“When the court finds that in the interest of substantial justice the action should be heard in another forum, the court, on the motion of any party, may stay or dismiss the action in whole or in part on any conditions that may be just.   The domicile or residence in this state of any party to the action shall not preclude the court from staying or dismissing the action.”

 As set forth in Sarfaty v. Rainbow Helicopters, Inc., 221 A.D.2d 618, 634 N.Y.S.2d 164, the doctrine of “forum non conveniens” presumes that the Court may exercise in personam jurisdiction over the parties.   Its application requires the “balancing of many factors in light of the facts and circumstances of the particular case” (National Bank & Trust Co. of N. Am. v. Banco De Vizcaya, 72 N.Y.2d 1005, 1007, 534 N.Y.S.2d 913, 531 N.E.2d 634;  see, Silver v. Great Am. Ins. Co., 29 N.Y.2d 356, 361, 328 N.Y.S.2d 398, 278 N.E.2d 619).  “The burden rests upon the [party] challenging the forum to demonstrate that private or public interests militate against litigation going forward in this State” (Stamm v. Deloitte & Touche, 202 A.D.2d 413, 413-414, 608 N.Y.S.2d 498).   Among the factors which the court must weigh when deciding such a motion are the residency of the parties, the potential hardship to proposed witnesses, the availability of an alternative forum, the situs of the underlying action, and the burden which will be imposed upon the New York courts, with no one single factor controlling (see, Stamm v. Deloitte & Touche, supra ).   As a determination of the issue rests within the discretion of the trial court, so long as the court has examined the relevant circumstances its determination will not be disturbed (see, National Bank & Trust Co. of N. Am. v. Banco De Vizcaya, supra;  Stamm v. Deloitte & Touche, supra ).

Domestic Relations Law § 75-h is the equivalent of CPLR § 327 in matters concerning child custody and visitation.   It states in relevant part:

“1. A court which has jurisdiction under this article to make an initial or modification decree may decline to exercise its jurisdiction any time before making a decree if it finds that it is an inconvenient forum to make a custody determination under the circumstances of the case and that a court of another state is a more appropriate forum * * *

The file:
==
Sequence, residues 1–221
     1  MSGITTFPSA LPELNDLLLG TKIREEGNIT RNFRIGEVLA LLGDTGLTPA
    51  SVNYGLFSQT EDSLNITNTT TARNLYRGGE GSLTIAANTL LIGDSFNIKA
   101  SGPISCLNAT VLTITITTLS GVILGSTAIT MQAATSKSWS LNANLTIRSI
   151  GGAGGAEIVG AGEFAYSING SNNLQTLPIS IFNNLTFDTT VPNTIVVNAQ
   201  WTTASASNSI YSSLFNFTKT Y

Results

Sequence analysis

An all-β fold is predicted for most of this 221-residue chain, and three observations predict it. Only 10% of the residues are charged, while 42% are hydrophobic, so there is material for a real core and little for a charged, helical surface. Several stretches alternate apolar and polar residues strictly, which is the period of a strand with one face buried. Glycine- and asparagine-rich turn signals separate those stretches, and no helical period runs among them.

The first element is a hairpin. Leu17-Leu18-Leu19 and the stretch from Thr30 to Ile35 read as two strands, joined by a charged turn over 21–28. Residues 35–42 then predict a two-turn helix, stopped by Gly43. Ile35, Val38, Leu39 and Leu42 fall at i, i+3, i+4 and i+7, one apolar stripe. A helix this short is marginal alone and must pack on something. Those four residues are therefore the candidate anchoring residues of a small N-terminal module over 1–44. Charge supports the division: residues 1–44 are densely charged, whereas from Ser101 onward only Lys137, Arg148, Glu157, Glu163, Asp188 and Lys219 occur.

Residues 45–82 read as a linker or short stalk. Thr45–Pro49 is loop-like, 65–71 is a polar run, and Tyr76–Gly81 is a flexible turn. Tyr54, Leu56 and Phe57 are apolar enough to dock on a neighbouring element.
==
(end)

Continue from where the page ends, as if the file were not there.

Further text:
“[3](a) another state is or recently was the child's home state;

“(b) another state has a closer connection with the child and his family or with the child and one or more of the contestants;

“(c) substantial evidence concerning the child's present or future care, protection, training, and personal relationships is more readily available in another state * * *

“2. Before determining whether to decline or retain jurisdiction the court may communicate with a court of another state and exchange information pertinent to the assumption of jurisdiction by either court with a view to assuring that jurisdiction will be exercised by the more appropriate court and that a forum will be available to the parties.”

 Each party has set forth their own different version of the facts in this case.   There is no dispute, however, that at the time of the commencement of the action both parties were residents of the State of New York;  that they both relocated to New Jersey in or about December 1998;  that the children are enrolled in school in New Jersey;  that the children's physicians are in New Jersey;  that the children's nanny resides in the marital home with the parties;  and that the defendant is employed in New Jersey.

The plaintiff is employed in Staten Island and alleges that he intends to relocate to Staten Island.   However, he did enter into a lease for the house he currently resides in with the defendant and their children and at the time he registered the children for school in Randolph, New Jersey he certified under penalty of perjury that he was a legal resident of the community in which the school is located.

In the instant case, the Court has been contacted by the chambers of the Hon. Herbert S. Friend of the Superior Court of New Jersey, Chancery Division, Family Part, Morris County.   The parties to this action have appeared before the court in New Jersey and an order has been entered restraining both parties from removing the children from New Jersey.

Inasmuch as a case has been opened in the Superior Court of the State of New Jersey and they have exercised jurisdiction over the parties, and based upon all of the foregoing, the court finds that the State of New Jersey is a more convenient forum for this matter to be heard.   Further proceedings between the parties are scheduled to be heard in the New Jersey Court on April 1, 1999.

While this Court may have jurisdiction in this matter, it does find, based upon the totality of the circumstances in this case, and in the best interests of the children, that the State of New Jersey is the more appropriate forum for this matter to be determined.

The second branch of defendant's motion is granted.   The within action is dismissed on the grounds of forum non conveniens, pursuant to CPLR § 327 and Domestic Relations Law § 75-h.